So there I was, out east, exploring what was happening to the canals in the Bow, Hackney Wick part of London, photoing photos like this, …:
When, rather suddenly, I came upon this:
All that grubbing around the canal being to create the sort of place where Desirable Apartments can be constructed, and Desirable Apartments need Desirable Sheep Sculptures.
Have you noticed how upmarket sculpture, and also upmarket toys, made of wood, make it very clear that they are made of wood? The woodenness is emphasised. Downmarket sculpture, and downmarket toys, are as realistic as they can be made to be, with the how of it left entirely behind. I veer into toys, because this sheep looks a lot like a toy, I think.
I see a connection between this emphasising of the particular material that the Thing is made of, in sculpture and toys, with Impressionism. Posh paintings, like Impressionist Paintings, make it clear that they are indeed paintings, made of paint, as well as paintings of something. I mean, take a close-up look. Paint! Paintings for peasants just look as much like what they are trying to be of as possible.
In 1984, I was one of many who helped organise a big Libertarian Conference at Royal Holloway College. US libertarian Jim Turney was one of those who attended, and he took these photos, which he has just emailed to me:
Left to right there: the late Chris R. Tame (who was the super-organiser of this gathering); me; Peter Breggin.
Left to right: John Hospers; me again; a guy who wrote and writes regularly for the IEA, and whom I know well but whose name is locked in a getting-old brain cave (anyone?); Nigel Ashford.
Left to right: Hospers again; me again; the guy I know well but … again; Ashford again; and a guy I genuinely do not know after all these years. Sorry if it turns out I should know him. Anyone?
Turney picked out the photos he had of this event with me in them, and there I am, the thin geek in the glasses. You can tell he’s a politician, can’t you? I can’t be the only person whom he has photoed during those long ago times when only Real Photographers had cameras and the half dozen digital cameras in existence all belonged to NASA. Think how precious such photos might be to some people, compared to photos photoed more recently.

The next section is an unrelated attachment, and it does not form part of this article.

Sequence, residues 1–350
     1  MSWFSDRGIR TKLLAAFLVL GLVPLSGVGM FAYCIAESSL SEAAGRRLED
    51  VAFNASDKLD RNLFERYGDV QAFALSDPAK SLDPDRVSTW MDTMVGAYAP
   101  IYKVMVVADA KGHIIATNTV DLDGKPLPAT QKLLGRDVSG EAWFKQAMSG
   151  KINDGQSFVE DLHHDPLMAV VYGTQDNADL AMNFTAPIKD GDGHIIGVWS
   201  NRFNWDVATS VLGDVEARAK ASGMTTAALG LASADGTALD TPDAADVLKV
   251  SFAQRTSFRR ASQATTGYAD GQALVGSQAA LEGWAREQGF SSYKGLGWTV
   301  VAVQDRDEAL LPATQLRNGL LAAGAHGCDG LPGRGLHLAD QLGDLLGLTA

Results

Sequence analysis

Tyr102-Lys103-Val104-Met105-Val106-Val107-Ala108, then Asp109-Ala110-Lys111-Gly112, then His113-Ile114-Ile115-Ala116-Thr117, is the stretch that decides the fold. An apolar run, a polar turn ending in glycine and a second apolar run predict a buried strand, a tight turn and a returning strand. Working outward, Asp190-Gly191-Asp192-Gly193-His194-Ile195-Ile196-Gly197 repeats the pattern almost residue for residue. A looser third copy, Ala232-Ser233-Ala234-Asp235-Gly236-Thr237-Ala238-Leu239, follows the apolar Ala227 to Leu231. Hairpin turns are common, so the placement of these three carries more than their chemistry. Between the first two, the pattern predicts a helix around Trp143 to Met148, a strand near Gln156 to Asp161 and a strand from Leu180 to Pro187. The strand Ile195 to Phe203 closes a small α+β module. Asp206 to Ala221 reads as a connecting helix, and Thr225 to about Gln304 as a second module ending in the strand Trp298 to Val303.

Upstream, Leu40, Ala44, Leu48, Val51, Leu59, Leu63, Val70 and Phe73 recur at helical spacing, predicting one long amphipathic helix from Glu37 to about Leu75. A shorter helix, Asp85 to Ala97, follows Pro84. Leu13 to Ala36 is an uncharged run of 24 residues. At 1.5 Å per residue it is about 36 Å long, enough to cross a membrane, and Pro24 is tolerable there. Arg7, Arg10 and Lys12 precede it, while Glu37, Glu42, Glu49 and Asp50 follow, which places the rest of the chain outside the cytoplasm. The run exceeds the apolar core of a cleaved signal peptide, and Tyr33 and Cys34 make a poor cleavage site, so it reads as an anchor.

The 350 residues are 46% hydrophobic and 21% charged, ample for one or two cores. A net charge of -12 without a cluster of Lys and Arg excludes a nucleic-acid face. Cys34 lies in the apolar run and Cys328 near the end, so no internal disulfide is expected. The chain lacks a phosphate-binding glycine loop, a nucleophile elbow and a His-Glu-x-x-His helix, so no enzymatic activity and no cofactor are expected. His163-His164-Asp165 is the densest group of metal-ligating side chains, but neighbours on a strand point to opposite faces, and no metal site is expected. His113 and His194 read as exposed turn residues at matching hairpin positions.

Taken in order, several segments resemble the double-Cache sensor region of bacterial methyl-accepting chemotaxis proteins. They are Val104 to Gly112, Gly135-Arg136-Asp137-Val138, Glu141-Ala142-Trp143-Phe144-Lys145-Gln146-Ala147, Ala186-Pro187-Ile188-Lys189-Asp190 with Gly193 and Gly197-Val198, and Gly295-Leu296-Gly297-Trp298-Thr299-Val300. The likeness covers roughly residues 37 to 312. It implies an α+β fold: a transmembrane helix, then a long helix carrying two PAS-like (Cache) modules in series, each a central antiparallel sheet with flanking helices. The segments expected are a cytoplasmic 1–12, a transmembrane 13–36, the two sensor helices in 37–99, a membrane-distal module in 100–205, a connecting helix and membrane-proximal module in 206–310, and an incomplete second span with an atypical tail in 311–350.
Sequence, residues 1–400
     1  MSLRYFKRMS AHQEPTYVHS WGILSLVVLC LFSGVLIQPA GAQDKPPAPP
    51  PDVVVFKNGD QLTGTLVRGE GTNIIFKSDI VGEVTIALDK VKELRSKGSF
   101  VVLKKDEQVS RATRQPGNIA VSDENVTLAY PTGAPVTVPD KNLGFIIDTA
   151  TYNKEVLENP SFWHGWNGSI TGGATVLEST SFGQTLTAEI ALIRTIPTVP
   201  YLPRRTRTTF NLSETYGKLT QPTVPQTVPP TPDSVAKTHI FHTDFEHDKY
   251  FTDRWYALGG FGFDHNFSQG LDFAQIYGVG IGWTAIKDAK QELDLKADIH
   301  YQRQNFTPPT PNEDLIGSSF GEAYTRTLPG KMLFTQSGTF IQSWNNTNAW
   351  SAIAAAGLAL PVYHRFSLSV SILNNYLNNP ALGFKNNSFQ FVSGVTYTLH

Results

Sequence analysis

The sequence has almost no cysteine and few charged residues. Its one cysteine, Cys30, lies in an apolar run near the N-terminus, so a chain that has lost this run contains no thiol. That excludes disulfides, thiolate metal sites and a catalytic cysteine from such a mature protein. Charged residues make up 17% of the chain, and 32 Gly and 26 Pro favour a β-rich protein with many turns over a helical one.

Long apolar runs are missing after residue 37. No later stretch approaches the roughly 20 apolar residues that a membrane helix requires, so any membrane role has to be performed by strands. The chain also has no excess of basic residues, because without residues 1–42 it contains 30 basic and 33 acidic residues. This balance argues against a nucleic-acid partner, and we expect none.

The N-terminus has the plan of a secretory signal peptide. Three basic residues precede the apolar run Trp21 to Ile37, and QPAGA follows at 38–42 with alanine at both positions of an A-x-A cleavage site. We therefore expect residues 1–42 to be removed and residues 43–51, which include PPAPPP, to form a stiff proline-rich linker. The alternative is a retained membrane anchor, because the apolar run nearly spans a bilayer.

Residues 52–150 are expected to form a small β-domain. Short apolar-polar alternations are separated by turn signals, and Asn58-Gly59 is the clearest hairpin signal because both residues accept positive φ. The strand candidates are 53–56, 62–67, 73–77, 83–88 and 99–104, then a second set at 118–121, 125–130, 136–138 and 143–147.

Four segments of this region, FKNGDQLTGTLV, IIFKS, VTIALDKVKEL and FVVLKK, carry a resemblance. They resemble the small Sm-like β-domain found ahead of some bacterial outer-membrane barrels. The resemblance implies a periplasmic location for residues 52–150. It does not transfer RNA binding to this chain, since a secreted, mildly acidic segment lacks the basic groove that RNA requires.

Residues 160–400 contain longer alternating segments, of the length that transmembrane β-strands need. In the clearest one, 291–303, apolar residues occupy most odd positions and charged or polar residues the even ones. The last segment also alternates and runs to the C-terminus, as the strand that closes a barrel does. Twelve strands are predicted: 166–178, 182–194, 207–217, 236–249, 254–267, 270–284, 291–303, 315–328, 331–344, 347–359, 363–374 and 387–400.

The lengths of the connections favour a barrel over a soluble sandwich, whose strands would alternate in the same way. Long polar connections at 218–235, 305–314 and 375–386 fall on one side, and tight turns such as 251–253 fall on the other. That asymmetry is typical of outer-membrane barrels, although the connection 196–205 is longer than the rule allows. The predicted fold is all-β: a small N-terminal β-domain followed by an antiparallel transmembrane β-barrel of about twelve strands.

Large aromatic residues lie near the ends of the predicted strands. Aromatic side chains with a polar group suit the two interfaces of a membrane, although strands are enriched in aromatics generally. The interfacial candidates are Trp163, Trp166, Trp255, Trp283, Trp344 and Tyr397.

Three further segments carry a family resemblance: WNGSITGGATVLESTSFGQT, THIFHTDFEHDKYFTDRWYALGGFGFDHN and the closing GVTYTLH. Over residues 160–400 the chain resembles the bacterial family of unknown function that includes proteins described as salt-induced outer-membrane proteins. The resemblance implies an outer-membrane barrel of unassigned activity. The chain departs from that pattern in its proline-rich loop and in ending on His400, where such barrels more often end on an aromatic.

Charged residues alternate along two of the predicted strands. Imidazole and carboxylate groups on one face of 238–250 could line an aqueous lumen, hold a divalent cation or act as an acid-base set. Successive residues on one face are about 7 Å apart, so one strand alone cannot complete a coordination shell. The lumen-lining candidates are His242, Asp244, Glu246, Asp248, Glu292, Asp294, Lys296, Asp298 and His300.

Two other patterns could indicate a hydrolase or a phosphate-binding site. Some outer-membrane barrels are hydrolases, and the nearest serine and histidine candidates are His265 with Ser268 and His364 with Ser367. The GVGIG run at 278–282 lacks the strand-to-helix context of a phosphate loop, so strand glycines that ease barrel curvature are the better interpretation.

I will now email Jim Turney back, thanking him for these remarkable photos, and asking if he has any more of this event, and in particular any more of Chris Tame.
I do ever more trawling through my photo-archives, and every time I do this, I seem to come across more Wicked Campervans, Wicked Campervans that I have not shown on a blog before, like (I’m pretty sure) these two, which I photoed in the summer of 2014:
I don’t really understand either of these WCVs, but the one on the right has definitely non-human creatures on it, so it’s suitable for a Friday here.
I miss these vans a lot. They used to live not far from Lower Marsh, where I used to go to buy second-hand CDs. And there was a brief time when they used to congregate in Lower Marsh itself, in a piece of dead land now built upon to a much more lucrative purpose.
That arrangement was never going to last, and they’ve now moved up north.
Nowadays, cameras can tell you exactly where you were when you took a photo, as well as exactly when you took it. But I can’t be doing with all that. I prefer taking photos like this one as I do my out-and-abouting, that say, as this one does, “You Are Here”:
And that one says it in French. Excellent.
We’re in the Pompidou Centre in Paris, in the bitterly cold February of 2012. Even remembering how cold that visit was makes me shudder now. But the Pompidou Centre itself was warm enough, and the views in it and from it were most diverting.